There are lots of well known tourist-heavy places right at the top of Patagonia which see thousands of visitors grace them with their presence each year. Destinations such as Bariloche, San Martin de los Andes, and even Pucon if you head a little further West. The lesser known mountain town of El Bolson is most certainly not one of these places. A little rough around the edges, the small but perfectly formed hippy retreat literally translated as ‘The Little Bag’ has an off the beaten track vibe, but almost as much to see and do as some of it’s more well known neighbours.
Sat within a valley, nestled between two mountain ranges either side, and with a number of rivers running either adjacent to or directly through certain parts of it, it’s an embarrassingly picturesque part of Argentina. The town itself can look a little dusty and unkempt in places, but it’s only when you start exploring the areas around El Bolson that you start to understand why it’s becoming more and more popular.
If I’m honest, one of the main reasons I even wanted to come to El Bolson in the first place was because of the rave reviews that Casona de Odile has from both friends and the internet in general. The place holds an instantly unfair advantage over it’s rivals; not only is it straddled on either side by two towering mountain ranges, but also surrounded at all angles by it’s seemingly endless grounds, full of lush green grass and flowing fresh water rivers.
Hand built by it’s ever helpful German owner Marcel and a group of his travelling friends over a number of years, this can feel more like a resort than a hostel at times, and is equipped with it’s own micro-brewery, beach, and log fire – where you can (and will) spend many an evening sipping Malbec and getting to know fellow travellers of all ages until the early hours of the morning.
It’s very easy to spend as much time in the actual hostel as you would away in the surrounding Patagonian countryside, with an activity menu which includes morning riverside yoga, or even just a short saunter down to the on-site ‘beach’ (approx. a 3-minute walk – literally). A Patagonian oasis, in an already magnificent part of the world.
The surrounding area is a hikers paradise, one which we barely scratched the surface of whilst we were there. One walk in particular saw us get a car from the 90’s for around 1 hour deep into the hillside along gravel laden half built roads to Wharton – in search of Cajon de Azul and beyond; a brilliant blue river which runs through the nearby countryside. The 3 – 4 hour hour long walk sees you ascend 750 metres alongside lakes, forests and farmland, up to a staggeringly remote Refugio called ‘Retamel’ – where you are greeted upon arrival by the friendly bearded owner, who instantly passes you a warming ‘Mate’ as a small reward for reaching his lodge.
This particular trek is just one of plentiful in the local area, a great resource for finding out about others is www.trekelbolson.com, which features a number of remote refugios, treks and advice on how to traverse the area properly.
Open on Tuesdays, Thursdays, Saturdays & Sundays, the ‘Feria Artesenal’ is buzzing with locals and visitors alike on the day’s it is open for business. Stalls which line the small square in the centre of town sell everything from local home brewed beer right through to an array of hand made arts and crafts. The market is also a great place to grab a spot of lunch from one of the many food vendors and simply spend a few hours people watching some of the many interesting characters you find there.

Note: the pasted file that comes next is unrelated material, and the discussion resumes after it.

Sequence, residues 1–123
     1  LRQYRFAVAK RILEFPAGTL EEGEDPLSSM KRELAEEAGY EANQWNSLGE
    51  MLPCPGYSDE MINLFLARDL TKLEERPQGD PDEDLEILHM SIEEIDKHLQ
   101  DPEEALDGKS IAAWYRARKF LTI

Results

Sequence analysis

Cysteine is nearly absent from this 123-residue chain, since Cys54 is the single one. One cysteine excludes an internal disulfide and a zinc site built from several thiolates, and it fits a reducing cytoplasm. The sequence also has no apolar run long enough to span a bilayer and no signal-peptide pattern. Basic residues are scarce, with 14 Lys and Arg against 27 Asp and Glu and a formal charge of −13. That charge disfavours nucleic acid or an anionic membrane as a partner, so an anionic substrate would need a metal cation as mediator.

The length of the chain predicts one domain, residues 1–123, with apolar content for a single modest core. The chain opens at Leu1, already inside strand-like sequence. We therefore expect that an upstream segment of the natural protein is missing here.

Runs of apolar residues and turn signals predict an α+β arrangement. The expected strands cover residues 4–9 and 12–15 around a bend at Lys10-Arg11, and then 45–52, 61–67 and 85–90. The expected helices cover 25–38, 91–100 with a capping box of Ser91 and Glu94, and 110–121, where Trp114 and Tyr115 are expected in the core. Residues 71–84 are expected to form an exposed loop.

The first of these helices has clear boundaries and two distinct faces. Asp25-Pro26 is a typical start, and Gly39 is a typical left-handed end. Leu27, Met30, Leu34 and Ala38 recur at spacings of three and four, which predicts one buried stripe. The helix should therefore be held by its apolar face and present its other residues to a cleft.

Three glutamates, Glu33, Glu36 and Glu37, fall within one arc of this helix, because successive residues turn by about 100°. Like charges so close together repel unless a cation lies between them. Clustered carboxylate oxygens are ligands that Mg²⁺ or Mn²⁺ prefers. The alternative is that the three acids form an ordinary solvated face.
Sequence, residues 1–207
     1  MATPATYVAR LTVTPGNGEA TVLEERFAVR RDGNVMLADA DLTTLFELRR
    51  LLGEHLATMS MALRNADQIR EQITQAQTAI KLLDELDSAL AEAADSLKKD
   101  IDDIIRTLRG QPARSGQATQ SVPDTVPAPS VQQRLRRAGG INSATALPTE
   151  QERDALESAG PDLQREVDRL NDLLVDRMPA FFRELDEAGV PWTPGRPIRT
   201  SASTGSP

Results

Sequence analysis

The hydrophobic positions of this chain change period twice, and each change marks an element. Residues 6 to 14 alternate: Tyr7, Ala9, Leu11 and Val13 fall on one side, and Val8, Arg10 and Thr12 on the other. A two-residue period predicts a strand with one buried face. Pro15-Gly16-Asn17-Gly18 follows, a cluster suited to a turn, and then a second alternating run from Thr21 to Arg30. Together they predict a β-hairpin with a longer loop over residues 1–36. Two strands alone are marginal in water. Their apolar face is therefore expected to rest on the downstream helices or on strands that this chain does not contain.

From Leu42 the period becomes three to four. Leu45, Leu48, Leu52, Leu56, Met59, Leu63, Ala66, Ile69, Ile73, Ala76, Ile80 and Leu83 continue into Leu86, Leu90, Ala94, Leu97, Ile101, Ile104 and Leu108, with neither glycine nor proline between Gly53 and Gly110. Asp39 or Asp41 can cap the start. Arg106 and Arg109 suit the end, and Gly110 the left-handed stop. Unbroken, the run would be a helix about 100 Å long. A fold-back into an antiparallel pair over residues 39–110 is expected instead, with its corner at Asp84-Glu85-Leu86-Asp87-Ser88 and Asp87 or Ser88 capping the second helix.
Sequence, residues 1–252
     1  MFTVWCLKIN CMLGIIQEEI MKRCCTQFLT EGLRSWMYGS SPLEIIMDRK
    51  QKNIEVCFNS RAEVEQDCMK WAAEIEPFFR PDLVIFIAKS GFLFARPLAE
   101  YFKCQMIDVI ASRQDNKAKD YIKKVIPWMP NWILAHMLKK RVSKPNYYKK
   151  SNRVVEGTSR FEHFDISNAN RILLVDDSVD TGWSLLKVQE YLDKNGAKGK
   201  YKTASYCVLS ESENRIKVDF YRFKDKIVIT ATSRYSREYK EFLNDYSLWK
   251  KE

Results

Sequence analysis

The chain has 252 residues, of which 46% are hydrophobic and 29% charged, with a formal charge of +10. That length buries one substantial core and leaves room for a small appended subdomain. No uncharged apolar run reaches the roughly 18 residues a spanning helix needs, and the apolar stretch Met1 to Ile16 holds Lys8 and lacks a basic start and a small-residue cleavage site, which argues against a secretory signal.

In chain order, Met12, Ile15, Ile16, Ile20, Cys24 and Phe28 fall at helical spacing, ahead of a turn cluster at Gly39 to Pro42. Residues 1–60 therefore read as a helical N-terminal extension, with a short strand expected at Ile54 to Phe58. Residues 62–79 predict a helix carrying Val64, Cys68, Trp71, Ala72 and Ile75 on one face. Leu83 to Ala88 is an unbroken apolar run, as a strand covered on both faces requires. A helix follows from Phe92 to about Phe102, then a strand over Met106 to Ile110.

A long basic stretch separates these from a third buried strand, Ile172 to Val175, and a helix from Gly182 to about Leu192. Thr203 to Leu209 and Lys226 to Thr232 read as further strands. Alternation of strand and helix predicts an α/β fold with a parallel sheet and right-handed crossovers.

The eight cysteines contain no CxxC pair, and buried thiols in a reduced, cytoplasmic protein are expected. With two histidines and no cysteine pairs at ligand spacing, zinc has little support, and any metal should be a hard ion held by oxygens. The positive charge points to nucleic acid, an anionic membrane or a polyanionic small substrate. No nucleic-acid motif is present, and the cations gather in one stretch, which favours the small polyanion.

If you haven’t had your fix of exploration just yet, there are an abundance of Waterfalls in and around the local area, most of which are a short hike away. Most of the intrepid locals will be able to tell you exactly where to go to find them, but some of note include Cascada Escondida and Cascada Mallin Ahogado.
Fancy seeing El Bolson from a completely different angle? How about taking flight from one of the nearby mountains. On any given day you will see a number of Paragliders circling above the nearby valleys. The largest of these summits is that of Piltriquiltron (2,250m). Worth a hike in itself, this is the perfect place to to head to for either to commence your glide, or just take in the sights whilst still on dry (albeit high) land. There are also lots of water sports operators locally, who are more than willing and able to take you rafting on the Rio Manso, offering a variety of experience levels. Grado 42 in particular are highly recommended.
If you’re all hiked out then simply sit back and indulge in the fantastic local food El Bolson has to offer. A short taxi or bike ride away is a well hidden Cheese shop, which sells a fantastic, small selection of natively produced dairy products, including a delicious range of ice cream. Fancy some fish for dinner? You can head out on a fishing trip in the local river to catch your supper, or to the nearby trout farm if you’re unsuccessful.
There are a number of restaurants in the main town if you wanted to indulge a bit more, such as the highly acclaimed La Gorda – serving hearty, tasty meals for hungry explorers with an international pallet. If you’re looking for a more traditional fix with a microbrewery to boot, look no further than Otto Tipp, the go to place in town for some classic Patagonian Lamb.
A place which will always hold a place in my heart, I’ve considered going back to Argentina specifically to visit El Bolson. Particularly La Casona de Odeile; probably the most welcoming, homely and beautiful place I’ve stayed on all of my travels to date.
Any trip to Patagonia is not complete without a pit-stop here. Allow for more time than you had planned, it’s a tough place to leave once your feet are under the carpet…
Been to El Bolson? Got anything to add? Or did you do any of the activities we missed? Email us on firstname.lastname@example.org to feature your experiences here!